Further, she very deftly teases out the various ecosystems in which Black people live and by which our senses may become dulled to the realities of white supremacist culture and systemic racism in ways that humanize the characters and the struggles they have as they learn a more complete history of the United States, the Black freedom struggles, and the realities of the present moment. While weaving history throughout, she never loses sight of the present struggle for full liberation and charts a multi-pronged path forward in the tradition of Marcus Garvey, Angela Davis, Malcolm X, and others.
This book is a must read for all Black people and non-Black people alike because she takes on education, politics, criminal justice, and media and illustrates there is much for each of these institutions and those within them to learn about the ways Black children and adults are viewed and treated as well as the myths that uphold white supremacy and anti-Blackness.
The Black Cell was both suspenseful while being grounded in the lived realities of many of us. I am looking forward to utilizing this book in my professional development sessions, can see this book being used in literature and critical studies courses from education to communication studies, and think it will make an excellent book club pick. Few books leaving me wanting more like this one has; I cannot wait for the sequel.
-- Xyanthe Neider, Ph.D.; Anti-racism educator & professional development facilitator

"Wendy Shaia’s The Black Cell is an outraged howl, a raw exploration of racial inequity. Written from the heart, it presents a world the author knows intimately – one we all live in but experience differently, no one escaping the snare of an unjust system whether they recognize it or not. The book lands like a gauntlet tossed – a challenge implicitly asking: will we stand up as agents of change, or merely stand by?"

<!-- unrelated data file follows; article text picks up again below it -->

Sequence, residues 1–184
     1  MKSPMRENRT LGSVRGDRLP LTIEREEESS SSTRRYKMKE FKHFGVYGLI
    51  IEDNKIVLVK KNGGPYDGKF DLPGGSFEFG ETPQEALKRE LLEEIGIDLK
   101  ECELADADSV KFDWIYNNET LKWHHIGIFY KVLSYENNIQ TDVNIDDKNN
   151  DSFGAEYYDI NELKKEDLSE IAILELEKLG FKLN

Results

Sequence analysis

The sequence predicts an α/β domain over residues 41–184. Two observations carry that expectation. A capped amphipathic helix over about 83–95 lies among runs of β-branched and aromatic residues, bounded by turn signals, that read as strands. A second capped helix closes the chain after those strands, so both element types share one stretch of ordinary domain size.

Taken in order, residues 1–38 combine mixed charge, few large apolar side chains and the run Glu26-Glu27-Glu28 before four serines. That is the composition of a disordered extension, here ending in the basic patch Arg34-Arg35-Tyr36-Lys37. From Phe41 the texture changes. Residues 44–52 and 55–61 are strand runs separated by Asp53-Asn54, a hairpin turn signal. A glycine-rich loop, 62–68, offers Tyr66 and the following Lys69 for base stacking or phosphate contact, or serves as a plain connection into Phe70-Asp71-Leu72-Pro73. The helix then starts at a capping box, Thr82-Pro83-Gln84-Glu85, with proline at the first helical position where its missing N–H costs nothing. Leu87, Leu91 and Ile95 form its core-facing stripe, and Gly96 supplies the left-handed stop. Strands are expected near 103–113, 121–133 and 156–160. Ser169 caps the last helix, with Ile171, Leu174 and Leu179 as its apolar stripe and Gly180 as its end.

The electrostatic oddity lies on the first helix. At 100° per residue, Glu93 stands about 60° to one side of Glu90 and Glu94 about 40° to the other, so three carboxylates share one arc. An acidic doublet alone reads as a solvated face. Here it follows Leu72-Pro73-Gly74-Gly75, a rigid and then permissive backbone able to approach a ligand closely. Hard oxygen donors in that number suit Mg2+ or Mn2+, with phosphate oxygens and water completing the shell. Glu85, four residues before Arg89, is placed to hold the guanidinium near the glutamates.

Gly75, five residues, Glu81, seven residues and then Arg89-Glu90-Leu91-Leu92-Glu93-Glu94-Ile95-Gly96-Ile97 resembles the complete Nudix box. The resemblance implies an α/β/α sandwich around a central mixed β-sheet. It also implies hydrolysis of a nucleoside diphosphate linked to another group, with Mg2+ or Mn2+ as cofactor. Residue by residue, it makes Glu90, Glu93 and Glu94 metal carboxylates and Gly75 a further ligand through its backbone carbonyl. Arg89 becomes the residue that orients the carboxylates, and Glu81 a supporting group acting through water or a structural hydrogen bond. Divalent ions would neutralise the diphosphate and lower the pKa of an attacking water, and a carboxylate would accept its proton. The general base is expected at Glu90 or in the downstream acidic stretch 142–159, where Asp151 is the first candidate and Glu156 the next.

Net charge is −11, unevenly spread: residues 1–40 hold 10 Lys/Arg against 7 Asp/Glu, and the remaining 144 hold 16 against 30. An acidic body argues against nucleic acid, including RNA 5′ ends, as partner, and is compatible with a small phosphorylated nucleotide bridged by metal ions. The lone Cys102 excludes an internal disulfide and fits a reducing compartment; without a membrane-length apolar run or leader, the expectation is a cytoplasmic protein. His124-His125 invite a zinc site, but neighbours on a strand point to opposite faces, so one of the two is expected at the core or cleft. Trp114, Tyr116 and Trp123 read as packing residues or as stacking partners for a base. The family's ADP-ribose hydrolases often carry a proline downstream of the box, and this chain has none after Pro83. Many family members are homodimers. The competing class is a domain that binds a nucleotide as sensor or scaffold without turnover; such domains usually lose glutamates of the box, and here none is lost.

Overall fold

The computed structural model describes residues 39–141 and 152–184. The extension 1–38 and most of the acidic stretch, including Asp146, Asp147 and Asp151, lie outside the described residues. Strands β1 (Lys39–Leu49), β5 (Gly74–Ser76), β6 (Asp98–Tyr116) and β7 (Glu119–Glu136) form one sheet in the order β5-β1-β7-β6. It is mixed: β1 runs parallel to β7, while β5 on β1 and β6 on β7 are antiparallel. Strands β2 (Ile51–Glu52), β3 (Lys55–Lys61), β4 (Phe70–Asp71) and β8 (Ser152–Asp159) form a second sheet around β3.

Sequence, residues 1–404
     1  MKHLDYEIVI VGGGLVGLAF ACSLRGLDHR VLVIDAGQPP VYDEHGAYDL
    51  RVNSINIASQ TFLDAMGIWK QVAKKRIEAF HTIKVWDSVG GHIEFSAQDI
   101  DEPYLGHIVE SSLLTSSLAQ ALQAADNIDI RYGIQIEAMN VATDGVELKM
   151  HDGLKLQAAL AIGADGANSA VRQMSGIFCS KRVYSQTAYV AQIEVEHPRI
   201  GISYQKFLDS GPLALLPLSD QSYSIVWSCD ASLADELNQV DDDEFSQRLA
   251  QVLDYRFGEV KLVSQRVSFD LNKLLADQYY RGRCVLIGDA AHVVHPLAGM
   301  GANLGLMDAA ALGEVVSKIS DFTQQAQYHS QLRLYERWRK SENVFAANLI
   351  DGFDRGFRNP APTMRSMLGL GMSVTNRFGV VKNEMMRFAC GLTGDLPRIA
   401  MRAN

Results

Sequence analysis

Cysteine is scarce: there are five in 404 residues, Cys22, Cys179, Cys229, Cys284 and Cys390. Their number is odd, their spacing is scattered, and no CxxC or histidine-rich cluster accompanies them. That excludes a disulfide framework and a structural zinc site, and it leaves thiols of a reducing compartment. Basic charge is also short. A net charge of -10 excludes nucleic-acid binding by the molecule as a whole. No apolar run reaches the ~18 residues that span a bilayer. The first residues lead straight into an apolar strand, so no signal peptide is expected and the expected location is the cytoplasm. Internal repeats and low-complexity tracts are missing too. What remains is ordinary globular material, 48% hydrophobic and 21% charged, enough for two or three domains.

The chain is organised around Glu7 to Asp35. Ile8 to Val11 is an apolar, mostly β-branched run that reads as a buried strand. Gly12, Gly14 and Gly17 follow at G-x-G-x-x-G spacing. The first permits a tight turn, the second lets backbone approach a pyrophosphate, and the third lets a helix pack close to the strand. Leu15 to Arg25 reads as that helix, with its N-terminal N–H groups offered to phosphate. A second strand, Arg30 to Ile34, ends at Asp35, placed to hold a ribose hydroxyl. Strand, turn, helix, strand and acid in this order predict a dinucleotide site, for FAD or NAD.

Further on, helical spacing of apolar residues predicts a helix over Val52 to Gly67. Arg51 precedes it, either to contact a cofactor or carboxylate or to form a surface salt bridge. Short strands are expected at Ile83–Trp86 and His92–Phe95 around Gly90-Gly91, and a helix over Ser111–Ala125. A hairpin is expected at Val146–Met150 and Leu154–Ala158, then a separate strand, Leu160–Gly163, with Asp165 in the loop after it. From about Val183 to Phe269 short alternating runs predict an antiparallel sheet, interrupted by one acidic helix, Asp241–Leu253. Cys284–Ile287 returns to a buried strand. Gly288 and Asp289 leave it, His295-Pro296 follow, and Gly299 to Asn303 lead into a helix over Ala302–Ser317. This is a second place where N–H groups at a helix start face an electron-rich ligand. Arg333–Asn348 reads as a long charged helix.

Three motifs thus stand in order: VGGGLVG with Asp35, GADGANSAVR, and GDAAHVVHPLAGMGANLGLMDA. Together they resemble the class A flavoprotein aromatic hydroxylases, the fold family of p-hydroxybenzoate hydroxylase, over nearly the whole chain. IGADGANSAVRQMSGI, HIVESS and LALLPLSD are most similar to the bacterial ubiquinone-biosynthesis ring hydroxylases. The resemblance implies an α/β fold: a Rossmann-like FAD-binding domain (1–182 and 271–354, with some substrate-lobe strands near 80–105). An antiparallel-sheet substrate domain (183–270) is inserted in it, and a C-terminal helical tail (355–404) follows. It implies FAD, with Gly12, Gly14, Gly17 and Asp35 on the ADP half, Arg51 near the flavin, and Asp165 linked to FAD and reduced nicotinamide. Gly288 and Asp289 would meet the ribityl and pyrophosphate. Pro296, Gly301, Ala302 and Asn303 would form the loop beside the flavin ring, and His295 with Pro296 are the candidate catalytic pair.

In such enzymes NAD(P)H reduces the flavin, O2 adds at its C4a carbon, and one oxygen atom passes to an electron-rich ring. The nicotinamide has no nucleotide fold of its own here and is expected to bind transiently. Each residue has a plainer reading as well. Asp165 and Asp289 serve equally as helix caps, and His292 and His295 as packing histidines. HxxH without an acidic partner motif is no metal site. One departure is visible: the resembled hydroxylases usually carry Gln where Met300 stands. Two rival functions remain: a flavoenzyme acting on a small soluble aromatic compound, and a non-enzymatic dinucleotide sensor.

Peter Bruun, Social Engagement Artist



“This compelling first novel written by Dr. Wendy Shaia is reminiscent of a contemporary version of the television series, The Wire. Set in Baltimore, Shaia’s detailed account of the individual and community effects of systemic racism is poignant and raw. The novel, through its characters’ experiences, exposes the painful truth of how white supremacy intentionally oppresses Black people, whether through legal, political, social, or economic structures."

-- Jennifer Swanberg, Ph.D., Professor of Health Sciences, Providence, RI


“Wendy Shaia has increased the volume on voices that are often not heard by magnifying the existences of Baltimoreans that are often not seen.  Through her intense and real storytelling, Wendy introduces us to the Black people of Baltimore, that they are alive and living through the traumatic effects of racism.  She captures the struggles and complexities of inferiority of Black people, which is the constant effort to be heard, seen, and to feel normal.”

-- Barbie Johnson-Lewis, LCSW-C, President, Board of Directors, National Association of Social Workers MD Chapter; Founder, Lotus Healing Services